Igor Levit: These books stir up the exceptional pianist

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Gerade has recorded Igor Levit Ludwig van Beethoven's 32 piano sonatas. This is not just a jubilee package for Beethoven's 250th birthday; This is also the preliminary conclusion of an artist, despite his youth, who has an opinion, but also deals with old fashioned music. Beethoven was political, Levit is too. Here a life achievement is retold, which influenced the history of the piano and is still valid today. Like this awake, intellectual, but also soulful interpretation. There is a lot of thought, some spontaneous.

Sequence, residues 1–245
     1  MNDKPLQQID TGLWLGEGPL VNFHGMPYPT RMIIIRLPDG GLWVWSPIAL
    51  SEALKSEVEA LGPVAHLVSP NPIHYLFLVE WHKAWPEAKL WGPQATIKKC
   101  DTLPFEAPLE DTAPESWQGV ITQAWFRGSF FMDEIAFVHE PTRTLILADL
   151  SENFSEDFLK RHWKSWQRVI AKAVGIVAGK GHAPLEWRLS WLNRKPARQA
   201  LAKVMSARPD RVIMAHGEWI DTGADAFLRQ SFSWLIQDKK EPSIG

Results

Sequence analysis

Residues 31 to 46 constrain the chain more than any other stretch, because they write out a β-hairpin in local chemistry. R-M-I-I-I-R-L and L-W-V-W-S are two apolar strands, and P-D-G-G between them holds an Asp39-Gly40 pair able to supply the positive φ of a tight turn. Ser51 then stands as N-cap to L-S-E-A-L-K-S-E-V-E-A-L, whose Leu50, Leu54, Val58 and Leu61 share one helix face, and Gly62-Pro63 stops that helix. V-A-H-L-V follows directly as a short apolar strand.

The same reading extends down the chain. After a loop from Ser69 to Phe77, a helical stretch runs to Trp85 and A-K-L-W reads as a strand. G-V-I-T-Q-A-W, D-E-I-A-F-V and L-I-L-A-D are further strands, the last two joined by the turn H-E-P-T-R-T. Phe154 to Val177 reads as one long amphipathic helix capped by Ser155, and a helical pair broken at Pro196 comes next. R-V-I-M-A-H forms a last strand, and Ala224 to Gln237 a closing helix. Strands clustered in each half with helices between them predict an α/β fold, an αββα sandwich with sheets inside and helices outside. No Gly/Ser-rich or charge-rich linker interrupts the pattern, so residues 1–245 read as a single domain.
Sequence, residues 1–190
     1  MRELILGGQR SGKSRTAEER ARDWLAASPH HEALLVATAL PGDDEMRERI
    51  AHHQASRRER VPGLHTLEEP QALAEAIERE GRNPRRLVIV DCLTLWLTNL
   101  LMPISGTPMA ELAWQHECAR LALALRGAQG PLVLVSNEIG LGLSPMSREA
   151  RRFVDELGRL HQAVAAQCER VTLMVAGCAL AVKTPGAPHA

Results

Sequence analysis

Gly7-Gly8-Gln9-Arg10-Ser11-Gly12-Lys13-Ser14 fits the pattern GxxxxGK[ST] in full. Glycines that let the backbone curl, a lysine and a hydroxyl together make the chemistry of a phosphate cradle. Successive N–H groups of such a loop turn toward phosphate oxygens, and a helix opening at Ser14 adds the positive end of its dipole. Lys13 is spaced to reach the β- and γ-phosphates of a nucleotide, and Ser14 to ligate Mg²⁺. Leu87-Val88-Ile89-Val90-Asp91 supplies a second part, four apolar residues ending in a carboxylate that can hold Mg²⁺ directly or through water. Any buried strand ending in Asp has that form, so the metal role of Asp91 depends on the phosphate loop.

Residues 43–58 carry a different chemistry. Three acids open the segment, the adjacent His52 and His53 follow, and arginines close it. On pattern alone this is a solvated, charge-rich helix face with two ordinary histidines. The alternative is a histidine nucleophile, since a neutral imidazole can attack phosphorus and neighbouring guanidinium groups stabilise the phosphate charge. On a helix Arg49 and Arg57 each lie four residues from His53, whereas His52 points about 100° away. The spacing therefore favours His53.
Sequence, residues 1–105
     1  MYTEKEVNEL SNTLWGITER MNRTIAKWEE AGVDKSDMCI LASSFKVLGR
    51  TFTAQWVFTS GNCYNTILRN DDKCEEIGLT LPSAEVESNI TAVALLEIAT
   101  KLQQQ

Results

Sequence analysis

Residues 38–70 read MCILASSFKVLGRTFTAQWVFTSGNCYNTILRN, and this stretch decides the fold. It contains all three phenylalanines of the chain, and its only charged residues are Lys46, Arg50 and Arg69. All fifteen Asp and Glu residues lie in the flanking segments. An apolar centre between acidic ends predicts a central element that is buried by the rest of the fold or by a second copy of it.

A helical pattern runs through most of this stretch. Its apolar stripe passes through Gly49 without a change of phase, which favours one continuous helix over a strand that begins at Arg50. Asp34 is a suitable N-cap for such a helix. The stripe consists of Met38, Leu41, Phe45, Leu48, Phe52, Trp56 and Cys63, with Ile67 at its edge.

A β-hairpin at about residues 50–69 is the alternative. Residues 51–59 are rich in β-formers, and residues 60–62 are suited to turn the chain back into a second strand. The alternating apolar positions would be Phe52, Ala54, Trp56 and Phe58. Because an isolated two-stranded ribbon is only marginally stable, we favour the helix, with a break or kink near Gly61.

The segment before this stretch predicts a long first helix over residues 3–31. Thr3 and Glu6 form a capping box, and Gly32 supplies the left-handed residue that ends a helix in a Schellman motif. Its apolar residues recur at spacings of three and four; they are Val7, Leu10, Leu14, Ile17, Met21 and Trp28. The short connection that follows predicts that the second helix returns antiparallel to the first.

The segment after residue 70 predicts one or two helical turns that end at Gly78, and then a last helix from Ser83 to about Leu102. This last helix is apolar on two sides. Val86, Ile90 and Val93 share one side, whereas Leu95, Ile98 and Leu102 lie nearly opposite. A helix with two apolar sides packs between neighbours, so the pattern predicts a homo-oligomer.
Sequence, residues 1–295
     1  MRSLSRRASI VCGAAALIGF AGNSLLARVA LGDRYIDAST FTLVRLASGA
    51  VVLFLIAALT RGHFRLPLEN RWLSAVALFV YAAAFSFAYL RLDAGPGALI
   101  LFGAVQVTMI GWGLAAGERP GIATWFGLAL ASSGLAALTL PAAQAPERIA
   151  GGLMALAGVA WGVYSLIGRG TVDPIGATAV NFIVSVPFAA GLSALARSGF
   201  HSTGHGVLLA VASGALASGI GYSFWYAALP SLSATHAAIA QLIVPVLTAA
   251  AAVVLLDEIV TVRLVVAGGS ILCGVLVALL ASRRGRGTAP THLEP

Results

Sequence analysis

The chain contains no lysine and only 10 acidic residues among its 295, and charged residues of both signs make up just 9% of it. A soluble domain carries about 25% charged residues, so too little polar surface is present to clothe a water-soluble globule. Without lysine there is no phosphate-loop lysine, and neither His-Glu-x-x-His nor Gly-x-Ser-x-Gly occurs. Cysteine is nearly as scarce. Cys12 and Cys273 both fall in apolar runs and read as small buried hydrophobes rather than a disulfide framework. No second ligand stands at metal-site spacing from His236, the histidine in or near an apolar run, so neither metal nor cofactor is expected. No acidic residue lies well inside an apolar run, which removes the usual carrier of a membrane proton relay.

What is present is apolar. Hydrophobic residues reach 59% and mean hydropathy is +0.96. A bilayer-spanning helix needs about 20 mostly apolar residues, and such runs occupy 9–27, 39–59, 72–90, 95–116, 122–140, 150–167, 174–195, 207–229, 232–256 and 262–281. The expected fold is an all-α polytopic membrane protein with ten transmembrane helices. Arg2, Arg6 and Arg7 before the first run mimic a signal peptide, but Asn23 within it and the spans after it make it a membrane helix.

One hears here another Igor Levit as the one who communicates on Twitter, does not skip a podium to convey his messages beyond the music. The same applies to the books that are important to him. "These are," he sends forth, "not books of my life, but books of my younger life, books that have stirred and touched me. And who should read as many people as possible. "

1. James Baldwin: The Fire Next Time

Since about 2016, I open my eyes to stories I did not know, stories of refugees, for example. Stories of people who stand on European soil, but who will never benefit from this so-called Europe. James Baldwin was recommended to me by my friend Georg Diez. The first part is a letter to his nephew. He prepares him for what it means to grow up as a black man in 1960s America.